The telephone interview has become an increasingly important and necessary process for most employers in recent years. It’s a great, low-cost way of assessing whether or not you’re right for the job.
So, let’s take look at some tips you should consider in case you find yourself at the other end of an employer’s telephone line.
- At the beginning of the call ask about the interview structure – this will allow you know what’s coming next. If it is a long interview, it might be an idea to keep a glass of water nearby to prevent your voice from becoming dry.
- Test the line and ask if the interviewer can hear you clearly.
- Make sure you have your CV in front of you, so you have a quick reference to your qualifications and personal skills.
- It might be a good idea to do some research on the company and prepare a list of questions to have on hand.
- Smile! Although this might seem like a weird one, your vocal chords change when you smile and it will also make you feel a lot more relaxed. After all, it’s your voice which will ultimately create an impression so it’s important to consider your tone, pace, and diction.
- Think about using a headset – this will allow you to have both hands free so that you can make notes, as well as write and produce answers quickly.
- Try and eliminate any background noise by making sure you find a quiet space so your surroundings will not disturb or hinder your concentration, as well as the phone call.
- Remember to not let questions fluster you. If perhaps a question may seem irrelevant, try not to display any irritation in your voice, the interviewer will quickly pick-up on this.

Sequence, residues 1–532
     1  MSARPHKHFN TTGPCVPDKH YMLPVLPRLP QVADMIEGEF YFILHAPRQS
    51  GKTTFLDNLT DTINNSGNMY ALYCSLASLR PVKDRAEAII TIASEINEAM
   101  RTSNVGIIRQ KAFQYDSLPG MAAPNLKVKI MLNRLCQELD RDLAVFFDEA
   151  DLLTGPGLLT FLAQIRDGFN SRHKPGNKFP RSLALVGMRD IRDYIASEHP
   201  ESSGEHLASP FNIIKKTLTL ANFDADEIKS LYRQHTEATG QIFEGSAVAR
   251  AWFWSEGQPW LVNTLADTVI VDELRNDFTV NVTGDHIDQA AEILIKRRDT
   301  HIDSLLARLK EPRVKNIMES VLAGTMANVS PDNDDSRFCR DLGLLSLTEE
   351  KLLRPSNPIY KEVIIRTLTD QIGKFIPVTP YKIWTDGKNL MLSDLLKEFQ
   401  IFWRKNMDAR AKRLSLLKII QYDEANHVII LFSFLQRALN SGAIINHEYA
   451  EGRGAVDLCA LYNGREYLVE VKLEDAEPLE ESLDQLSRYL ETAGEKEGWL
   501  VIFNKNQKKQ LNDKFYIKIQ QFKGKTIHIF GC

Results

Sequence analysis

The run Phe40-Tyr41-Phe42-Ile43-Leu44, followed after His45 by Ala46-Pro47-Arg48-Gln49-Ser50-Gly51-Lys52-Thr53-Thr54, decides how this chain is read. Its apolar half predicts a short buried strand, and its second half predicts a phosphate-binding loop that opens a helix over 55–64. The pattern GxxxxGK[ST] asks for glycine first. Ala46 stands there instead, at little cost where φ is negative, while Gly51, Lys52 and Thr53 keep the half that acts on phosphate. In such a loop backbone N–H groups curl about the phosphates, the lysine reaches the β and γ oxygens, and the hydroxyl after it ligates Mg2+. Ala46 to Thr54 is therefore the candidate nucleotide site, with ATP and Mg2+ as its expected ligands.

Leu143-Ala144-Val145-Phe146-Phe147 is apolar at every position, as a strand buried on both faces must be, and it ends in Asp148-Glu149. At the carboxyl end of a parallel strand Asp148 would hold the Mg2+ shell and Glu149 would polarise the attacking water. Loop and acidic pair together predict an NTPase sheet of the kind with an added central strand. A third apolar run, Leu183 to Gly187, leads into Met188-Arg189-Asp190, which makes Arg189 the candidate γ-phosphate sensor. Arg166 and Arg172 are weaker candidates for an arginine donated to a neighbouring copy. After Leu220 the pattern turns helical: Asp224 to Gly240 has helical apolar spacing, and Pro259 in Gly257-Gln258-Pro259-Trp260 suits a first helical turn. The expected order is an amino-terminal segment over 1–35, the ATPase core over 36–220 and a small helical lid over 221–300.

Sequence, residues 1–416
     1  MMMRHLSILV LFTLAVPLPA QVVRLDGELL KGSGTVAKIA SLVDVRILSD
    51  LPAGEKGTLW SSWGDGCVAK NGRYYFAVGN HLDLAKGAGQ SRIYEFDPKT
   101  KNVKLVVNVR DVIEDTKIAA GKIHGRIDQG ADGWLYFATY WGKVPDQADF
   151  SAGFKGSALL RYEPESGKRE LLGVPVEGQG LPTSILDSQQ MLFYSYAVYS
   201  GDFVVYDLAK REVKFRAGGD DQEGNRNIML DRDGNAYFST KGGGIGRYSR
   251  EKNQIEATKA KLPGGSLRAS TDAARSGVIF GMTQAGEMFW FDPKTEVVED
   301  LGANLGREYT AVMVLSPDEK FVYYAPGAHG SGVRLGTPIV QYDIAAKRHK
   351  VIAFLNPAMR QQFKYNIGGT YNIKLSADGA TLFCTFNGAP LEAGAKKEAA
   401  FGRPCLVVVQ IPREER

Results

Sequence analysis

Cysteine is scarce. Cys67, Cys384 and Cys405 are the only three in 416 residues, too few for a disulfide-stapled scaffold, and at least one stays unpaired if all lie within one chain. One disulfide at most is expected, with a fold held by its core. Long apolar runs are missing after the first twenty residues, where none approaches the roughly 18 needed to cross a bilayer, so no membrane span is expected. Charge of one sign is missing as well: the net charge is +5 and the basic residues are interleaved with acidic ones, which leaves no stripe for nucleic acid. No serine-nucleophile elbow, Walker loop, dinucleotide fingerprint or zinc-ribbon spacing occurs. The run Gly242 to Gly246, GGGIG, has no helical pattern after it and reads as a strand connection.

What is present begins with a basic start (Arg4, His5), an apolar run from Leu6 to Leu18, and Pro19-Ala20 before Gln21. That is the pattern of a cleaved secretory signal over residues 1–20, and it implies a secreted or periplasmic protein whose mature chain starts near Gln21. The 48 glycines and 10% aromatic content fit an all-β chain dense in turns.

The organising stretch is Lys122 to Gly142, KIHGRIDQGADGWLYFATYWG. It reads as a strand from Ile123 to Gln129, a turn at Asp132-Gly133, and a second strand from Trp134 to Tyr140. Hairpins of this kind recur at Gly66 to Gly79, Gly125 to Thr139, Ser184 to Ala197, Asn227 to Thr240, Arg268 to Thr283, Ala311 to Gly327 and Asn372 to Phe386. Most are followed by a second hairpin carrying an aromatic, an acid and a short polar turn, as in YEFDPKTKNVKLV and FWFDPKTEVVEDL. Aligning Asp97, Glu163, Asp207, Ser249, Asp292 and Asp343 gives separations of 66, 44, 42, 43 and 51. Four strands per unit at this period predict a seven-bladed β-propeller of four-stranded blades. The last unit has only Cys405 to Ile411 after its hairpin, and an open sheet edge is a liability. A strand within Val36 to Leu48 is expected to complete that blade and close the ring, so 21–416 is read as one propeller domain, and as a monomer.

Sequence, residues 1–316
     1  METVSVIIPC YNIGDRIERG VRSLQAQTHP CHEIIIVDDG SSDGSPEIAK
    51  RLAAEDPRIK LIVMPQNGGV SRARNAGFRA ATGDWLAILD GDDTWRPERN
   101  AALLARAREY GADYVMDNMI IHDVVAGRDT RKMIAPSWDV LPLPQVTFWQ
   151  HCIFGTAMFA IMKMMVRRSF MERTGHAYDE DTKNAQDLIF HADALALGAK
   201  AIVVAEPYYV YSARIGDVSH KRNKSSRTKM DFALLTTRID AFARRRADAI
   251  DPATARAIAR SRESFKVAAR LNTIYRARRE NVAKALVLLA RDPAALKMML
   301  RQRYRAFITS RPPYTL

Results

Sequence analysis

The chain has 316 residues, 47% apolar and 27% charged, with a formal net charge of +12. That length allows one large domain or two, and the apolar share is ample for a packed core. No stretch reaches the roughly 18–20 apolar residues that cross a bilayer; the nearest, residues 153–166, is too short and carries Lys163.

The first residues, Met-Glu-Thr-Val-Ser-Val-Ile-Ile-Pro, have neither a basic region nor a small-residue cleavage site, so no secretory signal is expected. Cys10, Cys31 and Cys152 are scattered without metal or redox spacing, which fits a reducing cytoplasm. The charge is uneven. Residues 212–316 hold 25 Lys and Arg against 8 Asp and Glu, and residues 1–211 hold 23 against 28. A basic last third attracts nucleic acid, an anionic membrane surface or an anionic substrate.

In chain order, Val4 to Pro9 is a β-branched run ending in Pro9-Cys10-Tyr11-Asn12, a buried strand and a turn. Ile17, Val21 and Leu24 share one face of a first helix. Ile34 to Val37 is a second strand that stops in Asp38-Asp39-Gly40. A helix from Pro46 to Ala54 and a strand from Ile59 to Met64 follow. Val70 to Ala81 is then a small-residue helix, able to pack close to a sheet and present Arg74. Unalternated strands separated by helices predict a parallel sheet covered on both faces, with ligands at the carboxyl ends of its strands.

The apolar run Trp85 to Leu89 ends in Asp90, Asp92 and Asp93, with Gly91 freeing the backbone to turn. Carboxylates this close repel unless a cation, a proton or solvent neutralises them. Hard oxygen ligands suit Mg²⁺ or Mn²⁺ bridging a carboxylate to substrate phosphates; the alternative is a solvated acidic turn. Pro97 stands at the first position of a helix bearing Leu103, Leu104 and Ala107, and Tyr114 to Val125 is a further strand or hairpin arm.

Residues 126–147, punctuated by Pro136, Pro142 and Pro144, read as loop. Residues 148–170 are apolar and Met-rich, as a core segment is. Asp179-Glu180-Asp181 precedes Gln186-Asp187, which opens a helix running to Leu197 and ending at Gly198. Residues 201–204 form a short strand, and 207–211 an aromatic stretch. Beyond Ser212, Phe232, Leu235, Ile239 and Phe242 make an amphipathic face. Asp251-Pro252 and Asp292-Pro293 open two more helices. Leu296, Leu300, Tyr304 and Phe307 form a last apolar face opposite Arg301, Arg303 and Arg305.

- Never interrupt the interviewer and always try and attempt more than just a yes or no answer.
- Try and avoid long pauses, periods of silence and repeating yourself.
- As you can’t read the body language of the interviewer, or judge their reaction, it is important to sound enthusiastic. Therefore you could ask and say “is that all you need to know, is this sufficient etc…”
- At the end of the interview remember to thank the interviewer and state that you can provide more information if need be.
- Take notes of what you have said and perhaps follow this up with a letter confirming the interview took place – this will again demonstrate your enthusiasm and you could be the only one to do this!
Above all, a telephone interview could make or break your chance of a job, so should never be considered lightly – you could be speaking to your future boss after all!
This week is Volunteers Week 2020 and so we thought we’d talk about the benefits of volunteering from a personal perspective and also looking at how it can increase your employability. Benefit 1 – The Feel Good Factor Volunteering makes…[read more]
Following 9 weeks of lockdown and as daily rates of confirmed cases starts to drop, the government have announced their plans to return to ‘normal’, starting with the reopening of schools. 1st June marks the phased return of children back…[read more]